Willard L. Metcalf
(1858 - 1925)

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Early Spring, Old Lyme

Willard Leroy Metcalf travelled widely in the early part of his career, but is best known for his quintessential New England landscapes. Born in Lowell, Massachusetts, Metcalf received the first scholarship at the Museum of the Fine Arts in Boston. He found his way to France in 1883 to study at the Academy and was one of the first American painters to visit to Giverny in 1885, the home and gardens of Claude Monet.

Returning to the United States in 1888, Metcalf had his first solo show in the spring of 1889 at the St. Boltoph Club in Boston, and began to truly find his own style. A trip to Gloucester, Massachusetts in 1895 with Childe Hassam led Metcalf to paint the American landscape for the first time since his European travels. Metcalf was a founding member of the Ten American Painters in 1898, a group devoted to American Impressionism, which caused much public comment and notice.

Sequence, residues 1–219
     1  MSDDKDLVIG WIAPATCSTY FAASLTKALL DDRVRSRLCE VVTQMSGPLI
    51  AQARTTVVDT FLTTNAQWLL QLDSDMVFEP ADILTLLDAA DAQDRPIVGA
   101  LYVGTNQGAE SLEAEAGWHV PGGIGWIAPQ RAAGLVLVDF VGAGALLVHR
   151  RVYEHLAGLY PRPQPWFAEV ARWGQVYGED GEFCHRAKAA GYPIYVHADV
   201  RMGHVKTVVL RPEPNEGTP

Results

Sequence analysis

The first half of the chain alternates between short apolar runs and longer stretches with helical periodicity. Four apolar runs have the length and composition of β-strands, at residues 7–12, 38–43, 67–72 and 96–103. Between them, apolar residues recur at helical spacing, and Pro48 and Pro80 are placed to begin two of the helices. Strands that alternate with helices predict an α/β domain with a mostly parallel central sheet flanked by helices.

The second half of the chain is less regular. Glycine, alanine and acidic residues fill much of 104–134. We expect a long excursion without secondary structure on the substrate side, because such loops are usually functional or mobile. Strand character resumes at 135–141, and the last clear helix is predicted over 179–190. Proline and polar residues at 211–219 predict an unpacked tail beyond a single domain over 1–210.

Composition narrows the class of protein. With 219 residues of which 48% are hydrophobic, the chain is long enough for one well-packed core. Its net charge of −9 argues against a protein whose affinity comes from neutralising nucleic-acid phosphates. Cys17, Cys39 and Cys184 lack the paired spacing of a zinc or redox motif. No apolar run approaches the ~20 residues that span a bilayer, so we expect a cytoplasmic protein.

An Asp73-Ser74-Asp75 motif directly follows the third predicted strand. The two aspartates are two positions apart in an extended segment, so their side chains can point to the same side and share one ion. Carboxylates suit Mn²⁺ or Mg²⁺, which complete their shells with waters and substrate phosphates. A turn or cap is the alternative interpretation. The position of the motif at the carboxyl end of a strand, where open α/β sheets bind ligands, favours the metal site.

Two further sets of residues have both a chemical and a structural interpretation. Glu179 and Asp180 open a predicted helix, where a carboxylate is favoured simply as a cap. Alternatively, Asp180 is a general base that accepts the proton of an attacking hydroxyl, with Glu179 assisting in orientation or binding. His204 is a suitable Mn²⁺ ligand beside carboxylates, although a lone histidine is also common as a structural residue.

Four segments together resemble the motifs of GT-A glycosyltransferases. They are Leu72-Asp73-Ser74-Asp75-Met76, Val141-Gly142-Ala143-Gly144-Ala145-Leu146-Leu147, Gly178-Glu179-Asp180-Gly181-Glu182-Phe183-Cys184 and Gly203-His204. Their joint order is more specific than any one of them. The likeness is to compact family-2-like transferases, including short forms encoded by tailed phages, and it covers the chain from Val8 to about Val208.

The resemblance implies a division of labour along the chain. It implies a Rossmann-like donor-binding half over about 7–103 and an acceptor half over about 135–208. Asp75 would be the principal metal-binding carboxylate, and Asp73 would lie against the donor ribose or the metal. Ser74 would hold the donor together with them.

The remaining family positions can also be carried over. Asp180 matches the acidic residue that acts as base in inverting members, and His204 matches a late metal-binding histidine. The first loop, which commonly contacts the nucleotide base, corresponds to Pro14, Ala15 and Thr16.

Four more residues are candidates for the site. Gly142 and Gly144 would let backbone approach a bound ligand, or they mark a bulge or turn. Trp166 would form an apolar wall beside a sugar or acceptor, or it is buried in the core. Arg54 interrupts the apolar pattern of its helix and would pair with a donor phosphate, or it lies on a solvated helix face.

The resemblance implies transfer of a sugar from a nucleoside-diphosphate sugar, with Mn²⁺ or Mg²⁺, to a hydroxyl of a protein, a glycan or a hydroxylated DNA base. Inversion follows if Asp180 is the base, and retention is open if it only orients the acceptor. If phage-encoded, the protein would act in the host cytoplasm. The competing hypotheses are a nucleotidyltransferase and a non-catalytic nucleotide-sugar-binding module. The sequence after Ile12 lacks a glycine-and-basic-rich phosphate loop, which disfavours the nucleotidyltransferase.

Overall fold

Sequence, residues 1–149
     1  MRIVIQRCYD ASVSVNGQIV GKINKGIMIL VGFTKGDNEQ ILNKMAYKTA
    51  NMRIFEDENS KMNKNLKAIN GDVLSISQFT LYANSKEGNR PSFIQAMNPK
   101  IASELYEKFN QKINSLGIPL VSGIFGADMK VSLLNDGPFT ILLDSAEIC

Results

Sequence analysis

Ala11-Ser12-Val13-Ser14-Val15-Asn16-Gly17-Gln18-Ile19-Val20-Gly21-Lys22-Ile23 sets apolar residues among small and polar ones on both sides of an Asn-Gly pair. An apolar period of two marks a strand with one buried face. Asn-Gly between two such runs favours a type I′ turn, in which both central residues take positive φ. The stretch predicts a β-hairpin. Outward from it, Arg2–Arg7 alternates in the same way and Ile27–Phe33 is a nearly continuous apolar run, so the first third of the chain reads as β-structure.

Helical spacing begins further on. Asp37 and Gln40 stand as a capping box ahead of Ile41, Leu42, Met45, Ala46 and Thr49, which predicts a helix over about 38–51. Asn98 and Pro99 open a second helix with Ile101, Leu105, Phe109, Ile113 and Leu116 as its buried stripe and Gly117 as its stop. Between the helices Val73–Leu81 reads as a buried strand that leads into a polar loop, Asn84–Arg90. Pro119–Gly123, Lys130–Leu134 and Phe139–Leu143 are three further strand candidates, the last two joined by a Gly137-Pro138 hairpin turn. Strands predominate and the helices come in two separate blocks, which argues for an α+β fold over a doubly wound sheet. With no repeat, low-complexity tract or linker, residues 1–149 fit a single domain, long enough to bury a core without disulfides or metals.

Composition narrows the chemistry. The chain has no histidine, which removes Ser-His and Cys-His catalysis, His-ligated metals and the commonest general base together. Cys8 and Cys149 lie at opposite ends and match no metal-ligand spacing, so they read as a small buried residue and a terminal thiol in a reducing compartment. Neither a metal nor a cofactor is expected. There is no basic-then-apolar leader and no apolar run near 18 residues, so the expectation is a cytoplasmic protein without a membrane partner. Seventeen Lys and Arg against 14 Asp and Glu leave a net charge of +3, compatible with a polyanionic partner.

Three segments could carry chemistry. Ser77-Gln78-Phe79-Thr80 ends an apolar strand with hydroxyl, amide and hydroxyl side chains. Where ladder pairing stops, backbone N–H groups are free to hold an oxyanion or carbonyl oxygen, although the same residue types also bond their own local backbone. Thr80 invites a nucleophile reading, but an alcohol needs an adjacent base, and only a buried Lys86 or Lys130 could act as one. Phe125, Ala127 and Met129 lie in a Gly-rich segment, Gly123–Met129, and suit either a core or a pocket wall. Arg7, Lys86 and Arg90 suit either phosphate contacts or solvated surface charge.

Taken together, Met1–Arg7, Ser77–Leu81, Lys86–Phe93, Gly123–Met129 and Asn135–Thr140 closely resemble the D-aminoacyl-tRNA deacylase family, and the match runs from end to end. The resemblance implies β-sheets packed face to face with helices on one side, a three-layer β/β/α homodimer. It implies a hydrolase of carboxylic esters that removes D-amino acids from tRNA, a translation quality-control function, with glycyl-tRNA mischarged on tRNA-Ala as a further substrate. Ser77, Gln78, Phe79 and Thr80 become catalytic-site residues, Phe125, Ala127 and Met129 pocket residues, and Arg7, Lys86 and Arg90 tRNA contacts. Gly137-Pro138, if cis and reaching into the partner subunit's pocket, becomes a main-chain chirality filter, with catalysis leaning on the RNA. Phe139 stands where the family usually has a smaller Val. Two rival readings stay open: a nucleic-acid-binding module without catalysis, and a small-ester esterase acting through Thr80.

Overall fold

Metcalf kept his studio in New York, but found his artistic inspiration in the surrounding countryside. He first came to the artist’s colony in Old Lyme, Connecticut with Hassam in the summer of 1903 and was quickly beguiled by the bucolic qualities of the rolling hills, gentle skies and old stone walls he found there.




- ph: 860.434.8807 - fax: 860.434.7526 -
25 Lyme Street, Old Lyme, Connecticut 06371 Hours: Thursday - Saturday 12 to 5 p.m. Sunday 12 to 4 p.m. also by appointment.

Please note that all works are subject to prior sale, and prices are subject to change.